Glencoe, Sports

High school sports pick up two wins: Increased fan limits and spring state tournaments

And the larger crowd can go wild. 

The state guidelines announced Monday, March 8, to allow for 20 percent capacity at outdoor sporting events could increase local crowds up by 10 times.

The news was initially delivered in the context of allowances for Chicago’s professional baseball teams, the Cubs and the White Sox, but apply to high schools that are about to begin their football seasons. 

“We’re thrilled,” said Augie Fontanetta, New Trier High School’s athletic director. “It means we will be able to allow parents and some students. Honestly, I’m excited to allow visiting fans. That’s part of the environment and atmosphere.”

In normal times, New Trier’s football stadium in Northfield can welcome upward of 3,000 fans. Using that number, the new guidelines would allow around 600 people to attend Trevians home football and soccer games. 

Fontanetta said, however, that will not necessarily be the number used, as officials from New Trier’s conference, the Central Suburban League, are planning a uniform capacity number to use across all league stadiums.

New Trier’s stadium capacity is on the lower end for CSL South schools, Fontanetta said.

“We want to be consistent across the conference. If New Trier is going to allow 100 visiting fans, we also want to receive 100 visiting fans,” he said.

Loyola Academy’s Sachs Stadium in Wilmette can also hold thousands of fans. Ramblers football coach John Holecek estimated 3,000; though, during a 2015 playoff matchup with Homewood-Flossmoor, close to 5,000 were in attendance, he said.

We were all hoping for this to happen. I’m very excited for our players. They’ll at least get parents and hopefully grandparents there — and maybe some students.” John Holecek, Loyola Academy football coach about increased crowd capacity

Those numbers would also suggest the allowance of about 600 total fans. The Loyola athletic department did not immediately return a message from The Record.

“We were all hoping for this to happen,” Holecek said of the increased capacity. “I’m very excited for our players. They’ll at least get parents and hopefully grandparents there — and maybe some students who provide some energy and some real environment.”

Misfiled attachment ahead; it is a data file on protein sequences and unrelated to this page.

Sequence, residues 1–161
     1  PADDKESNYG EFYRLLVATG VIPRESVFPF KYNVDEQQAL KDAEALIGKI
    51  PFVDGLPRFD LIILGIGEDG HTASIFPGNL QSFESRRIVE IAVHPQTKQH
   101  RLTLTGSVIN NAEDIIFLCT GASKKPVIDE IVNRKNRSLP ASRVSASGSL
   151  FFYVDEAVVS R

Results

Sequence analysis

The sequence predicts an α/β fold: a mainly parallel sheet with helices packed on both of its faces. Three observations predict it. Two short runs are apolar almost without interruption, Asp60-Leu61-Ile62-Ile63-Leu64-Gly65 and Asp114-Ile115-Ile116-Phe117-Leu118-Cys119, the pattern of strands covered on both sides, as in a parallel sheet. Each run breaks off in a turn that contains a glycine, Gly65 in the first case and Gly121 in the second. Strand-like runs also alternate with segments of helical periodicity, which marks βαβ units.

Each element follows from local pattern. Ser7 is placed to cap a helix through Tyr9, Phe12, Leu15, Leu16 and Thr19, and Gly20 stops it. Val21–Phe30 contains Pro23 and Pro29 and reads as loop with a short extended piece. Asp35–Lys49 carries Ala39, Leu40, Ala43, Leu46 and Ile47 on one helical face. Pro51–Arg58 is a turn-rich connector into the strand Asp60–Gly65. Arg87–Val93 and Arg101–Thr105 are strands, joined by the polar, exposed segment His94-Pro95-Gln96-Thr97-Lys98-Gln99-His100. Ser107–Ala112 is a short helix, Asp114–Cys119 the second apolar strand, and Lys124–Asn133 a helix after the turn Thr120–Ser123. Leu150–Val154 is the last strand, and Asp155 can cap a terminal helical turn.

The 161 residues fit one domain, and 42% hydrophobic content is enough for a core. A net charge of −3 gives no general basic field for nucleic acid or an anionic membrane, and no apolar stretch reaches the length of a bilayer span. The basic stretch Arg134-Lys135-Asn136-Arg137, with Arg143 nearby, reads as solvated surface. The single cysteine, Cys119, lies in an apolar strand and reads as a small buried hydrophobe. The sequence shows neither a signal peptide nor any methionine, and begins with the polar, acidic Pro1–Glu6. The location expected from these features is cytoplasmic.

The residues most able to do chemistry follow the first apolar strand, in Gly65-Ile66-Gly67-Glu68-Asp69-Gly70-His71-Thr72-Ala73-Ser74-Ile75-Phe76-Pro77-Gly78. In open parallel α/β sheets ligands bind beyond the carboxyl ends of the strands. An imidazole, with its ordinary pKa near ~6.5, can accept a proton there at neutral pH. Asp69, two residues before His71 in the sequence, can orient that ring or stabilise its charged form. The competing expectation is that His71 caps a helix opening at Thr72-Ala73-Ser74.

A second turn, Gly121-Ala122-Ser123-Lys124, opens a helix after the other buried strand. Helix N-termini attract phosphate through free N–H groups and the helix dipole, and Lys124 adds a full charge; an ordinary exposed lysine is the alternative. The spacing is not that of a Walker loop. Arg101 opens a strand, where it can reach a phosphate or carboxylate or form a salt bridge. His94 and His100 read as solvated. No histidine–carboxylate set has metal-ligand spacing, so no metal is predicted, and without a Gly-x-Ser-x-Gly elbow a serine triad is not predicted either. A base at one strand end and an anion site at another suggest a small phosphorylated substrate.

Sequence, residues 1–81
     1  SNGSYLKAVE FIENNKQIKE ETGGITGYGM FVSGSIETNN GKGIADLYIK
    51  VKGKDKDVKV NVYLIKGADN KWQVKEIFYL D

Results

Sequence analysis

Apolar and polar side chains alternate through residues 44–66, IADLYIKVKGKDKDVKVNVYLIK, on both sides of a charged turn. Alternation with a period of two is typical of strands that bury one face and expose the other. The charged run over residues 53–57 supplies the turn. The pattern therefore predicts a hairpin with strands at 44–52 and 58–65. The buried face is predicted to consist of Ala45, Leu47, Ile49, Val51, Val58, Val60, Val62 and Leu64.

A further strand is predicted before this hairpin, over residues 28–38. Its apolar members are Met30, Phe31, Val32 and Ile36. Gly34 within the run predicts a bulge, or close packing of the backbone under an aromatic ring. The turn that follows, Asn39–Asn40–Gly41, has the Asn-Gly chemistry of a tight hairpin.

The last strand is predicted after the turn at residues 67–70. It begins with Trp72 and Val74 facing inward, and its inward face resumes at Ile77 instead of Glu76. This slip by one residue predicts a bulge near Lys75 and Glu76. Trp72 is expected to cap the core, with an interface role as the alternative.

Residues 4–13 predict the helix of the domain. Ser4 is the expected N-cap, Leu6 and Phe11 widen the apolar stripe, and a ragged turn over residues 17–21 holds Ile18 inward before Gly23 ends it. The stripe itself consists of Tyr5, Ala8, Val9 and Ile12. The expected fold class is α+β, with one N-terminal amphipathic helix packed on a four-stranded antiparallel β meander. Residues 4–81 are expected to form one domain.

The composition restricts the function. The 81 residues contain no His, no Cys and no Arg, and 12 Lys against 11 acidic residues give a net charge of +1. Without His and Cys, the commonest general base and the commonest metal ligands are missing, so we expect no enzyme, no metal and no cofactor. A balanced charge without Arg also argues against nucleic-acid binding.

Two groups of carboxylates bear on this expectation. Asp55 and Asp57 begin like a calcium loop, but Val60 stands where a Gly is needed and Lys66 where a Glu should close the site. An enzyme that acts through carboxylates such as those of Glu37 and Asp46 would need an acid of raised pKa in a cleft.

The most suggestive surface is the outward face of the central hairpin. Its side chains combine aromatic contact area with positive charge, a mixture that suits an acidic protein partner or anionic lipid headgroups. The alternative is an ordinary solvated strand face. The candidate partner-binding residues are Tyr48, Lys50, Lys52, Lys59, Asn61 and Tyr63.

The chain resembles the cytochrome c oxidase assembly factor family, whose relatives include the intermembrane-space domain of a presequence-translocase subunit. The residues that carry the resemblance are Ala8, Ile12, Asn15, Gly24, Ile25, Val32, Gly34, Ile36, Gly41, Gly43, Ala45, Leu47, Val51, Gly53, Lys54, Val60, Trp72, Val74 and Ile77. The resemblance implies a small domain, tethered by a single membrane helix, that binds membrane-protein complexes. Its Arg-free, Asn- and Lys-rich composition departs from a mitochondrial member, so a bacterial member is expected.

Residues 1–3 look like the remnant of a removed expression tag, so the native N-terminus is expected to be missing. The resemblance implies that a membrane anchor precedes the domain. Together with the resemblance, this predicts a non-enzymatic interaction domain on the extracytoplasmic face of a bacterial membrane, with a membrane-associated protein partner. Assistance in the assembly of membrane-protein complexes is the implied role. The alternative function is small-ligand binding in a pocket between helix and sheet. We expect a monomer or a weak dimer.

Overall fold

As winter sports wrap up this week, ending by Saturday, March 13, postponed fall sports — football, field hockey, boys soccer and girls volleyball — are already practicing in anticipation of their first games.

Spring sports are on deck and can begin practice in mid-April. 

Loyola football opens its season visiting St. Rita on Friday, March 19, in Chicago while New Trier welcomes Glenbrook South at 7 p.m. Friday, March 19, in Northfield.

There are six weeks in the season with New Trier playing all five teams in its half of the CSL before ending the season with a CSL crossover clash, playing against a team with a similar record from the CSL North on April 23. 

The Ramblers also play a conference slate, but have an open date in Week 5 (April 16-18), and Holecek said they are still searching for an opponent. 

Capacity remains unchanged — 50 or 50 percent, whichever is smaller — for indoor sports, such as water polo and boys and girls volleyball, which are all set to begin in the coming weeks. 

Other outdoor sports, such as baseball and softball, draw smaller crowds than football, Fontanetta said, and he does not anticipate an issue with the 20 percent capacity.

A chance at glory

In other big news, the IHSA Board of Directors approved state tournaments for all spring sports, which include baseball, softball, girls soccer and more. 

Fontanetta, who also sits on the IHSA board, said spring sports were given priority since they lost their entire seasons in 2020. 

“I am thrilled,” Fontanetta said. “This has really been the goal all along, to get a full state series for spring sports. We’re really excited about it. I think it’s great for the kids. Obviously last year they weren’t able to participate in a state series. 

Two spring sports — boys volleyball and lacrosse — were approved under the condition that the state’s COVID-19 mitigations are eased by June, when the state series would begin. 

Under current state rules, indoor sports designated as moderate risk, such as volleyball, and outdoor sports designated as higher risk, such as lacrosse, cannot play in championship games.

Fontanetta said conditions are headed “in the right direction” to allow for both sports to compete in IHSA postseasons.

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joe coughlin
Joe Coughlin

Joe Coughlin is a co-founder and the editor in chief of The Record. He leads investigative reporting and reports on anything else needed. Joe has been recognized for his investigative reporting and sports reporting, feature writing and photojournalism. Follow Joe on Twitter @joec2319

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